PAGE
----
It’s rare for any environmental book to receive the attention garnered by Ted Nordhaus and Michael Shellenberger’s Break Through, particularly outside the usual green circles. Anything that prompts conversation on these issues is, in and of itself, a good thing. So one hesitates to point out that beneath all the hype — the "death" of this, the "fundamental break" from that — the book’s arguments are fairly modest. Banal even. The word from the "bad boys of environmentalism" is that environmentalists should be more positive and support greater public investment in clean energy technology. Well … OK. The argument about …

DOE hasn’t opened Yucca nuclear-waste dump, must pay millions for breach of contract

As if the saga of Nevada’s Yucca Mountain wasn’t ridiculous enough, a court has ruled that the Department of Energy’s failure to open the nuclear-waste repository on time will have a price tag of $116.5 million, payable to Xcel Energy for breach of contract. And just to remind you of the ridiculousness, in the words of Minnesota State Senator Ellen Anderson: “[E]ven if Yucca Mountain does open, which I’m very skeptical it will, there is no reason to believe it will take our waste away. This problem is one that I don’t expect to be solved in my lifetime.”

Putting your inner political superego on hold

A utopian realist agenda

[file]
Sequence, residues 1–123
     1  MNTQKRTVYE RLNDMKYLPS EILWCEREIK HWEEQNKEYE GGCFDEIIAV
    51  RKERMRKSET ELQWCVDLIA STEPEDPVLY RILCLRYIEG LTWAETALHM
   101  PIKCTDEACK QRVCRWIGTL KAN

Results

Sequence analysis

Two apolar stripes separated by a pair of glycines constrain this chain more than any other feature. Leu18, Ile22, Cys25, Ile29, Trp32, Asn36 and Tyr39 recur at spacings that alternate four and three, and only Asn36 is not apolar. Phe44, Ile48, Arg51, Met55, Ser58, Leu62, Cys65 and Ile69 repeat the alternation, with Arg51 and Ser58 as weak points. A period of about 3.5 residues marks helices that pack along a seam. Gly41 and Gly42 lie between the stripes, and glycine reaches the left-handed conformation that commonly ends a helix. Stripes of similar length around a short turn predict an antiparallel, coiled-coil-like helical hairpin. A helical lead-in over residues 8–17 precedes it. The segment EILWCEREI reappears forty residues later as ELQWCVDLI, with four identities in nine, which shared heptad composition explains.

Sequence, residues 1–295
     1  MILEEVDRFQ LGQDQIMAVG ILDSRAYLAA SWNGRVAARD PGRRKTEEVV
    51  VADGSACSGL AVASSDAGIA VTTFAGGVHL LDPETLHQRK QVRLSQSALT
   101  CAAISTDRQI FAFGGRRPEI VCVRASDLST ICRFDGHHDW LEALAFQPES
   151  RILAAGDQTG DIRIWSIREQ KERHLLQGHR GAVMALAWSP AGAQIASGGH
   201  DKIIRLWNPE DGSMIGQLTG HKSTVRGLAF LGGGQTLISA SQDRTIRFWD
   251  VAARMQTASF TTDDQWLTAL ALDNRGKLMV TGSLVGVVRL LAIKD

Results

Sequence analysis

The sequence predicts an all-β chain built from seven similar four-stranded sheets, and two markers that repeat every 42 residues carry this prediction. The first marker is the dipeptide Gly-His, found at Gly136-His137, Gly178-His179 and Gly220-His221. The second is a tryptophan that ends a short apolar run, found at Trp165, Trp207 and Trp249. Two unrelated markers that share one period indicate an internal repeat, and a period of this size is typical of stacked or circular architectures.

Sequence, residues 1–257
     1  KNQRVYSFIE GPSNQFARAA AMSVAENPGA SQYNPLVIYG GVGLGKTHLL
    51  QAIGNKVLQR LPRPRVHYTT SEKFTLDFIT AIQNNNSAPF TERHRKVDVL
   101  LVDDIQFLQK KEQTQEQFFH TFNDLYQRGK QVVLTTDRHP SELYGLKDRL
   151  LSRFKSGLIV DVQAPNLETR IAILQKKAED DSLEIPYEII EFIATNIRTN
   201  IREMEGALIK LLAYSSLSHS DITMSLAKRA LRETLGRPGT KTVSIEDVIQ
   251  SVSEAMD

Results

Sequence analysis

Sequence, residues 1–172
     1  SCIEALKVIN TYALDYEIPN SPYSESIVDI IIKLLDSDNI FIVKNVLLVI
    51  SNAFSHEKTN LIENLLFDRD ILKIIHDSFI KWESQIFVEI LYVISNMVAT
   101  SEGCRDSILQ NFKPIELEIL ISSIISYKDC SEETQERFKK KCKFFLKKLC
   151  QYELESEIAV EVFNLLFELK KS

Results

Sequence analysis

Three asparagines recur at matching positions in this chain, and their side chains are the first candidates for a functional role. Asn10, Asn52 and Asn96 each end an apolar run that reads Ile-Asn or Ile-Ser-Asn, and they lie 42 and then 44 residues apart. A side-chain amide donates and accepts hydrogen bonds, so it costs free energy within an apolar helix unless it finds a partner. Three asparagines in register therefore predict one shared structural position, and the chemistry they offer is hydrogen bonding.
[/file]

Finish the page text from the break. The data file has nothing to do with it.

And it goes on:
Recently Nordhaus and Shellenberger (N&S) posted on Gristmill, wrote in The New Republic, and published a book, all with the aim of offering a better alternative to the mainstream environmental agenda. In my estimation, they made three important points: Americans would respond to a positive vision of the future; global warming can only be solved if, in addition to regulatory policies, we embark on a program of public investment; and the public is quite open to the idea of public investment. Unfortunately, they didn't do much with that great start. I think I know why: the central thrust of the conservative movement since Reagan has been to inculcate the idea of "government bad, market good," and the idea of making a virtue of public investment runs totally counter to a conservative world view. So in order to be politically relevant, N&S look to the two institutions that conservatives and moderates have been able to agree are legitimate sources of public investment: the Pentagon and government-supported R&D. But that "won't work," as N&S declare about the possibility of mitigating global warming with a regulations-only policy framework. To be brief, the Pentagon is part of the problem, not part of the solution; and while R&D is always a good idea, the level of their combined program is only $30 billion per year, which would be great in this political climate but won't do much for the global climate. These negatives shouldn't blind us to their advocacy of a positive vision and a public investment approach. One of the reasons public investment is not discussed more often in the environmental community, much less taken seriously as a policy approach, is that we have what I will call the problem of the political superego: before any such policy can even be considered by the conscious mind, the political superego dismisses it out of hand. Which leads me to two of my favorite quotes: "The maximum that seems politically feasible still falls far short of the minimum that would be effective in solving the crisis," spoken by Al Gore at a policy address at NYU in 2006. The other, by Mathis Wackernagel and William Rees, the authors of Our Ecological Footprint: "In today's materialistic, growth-bound world, the politically acceptable is ecologically disastrous while the ecologically necessary is politically impossible." I want to use the phrase "utopian realism" to express this dilemma, and to point to a possible way out of it. The word "realist" means that the policies advocated are a realistic way out of our global crises, from a technical point of view. "Utopian" has two meanings here -- first, that the political chances of these policies being implemented seem utopian; but second, that the implementation of these goals could inspire action. (The sociologist Anthony Giddens has also used the term "utopian realism", in a roughly similar way.) So I ask you to try to keep your political superego at bay for a few paragraphs, as I lay out a possible positive vision of public investment.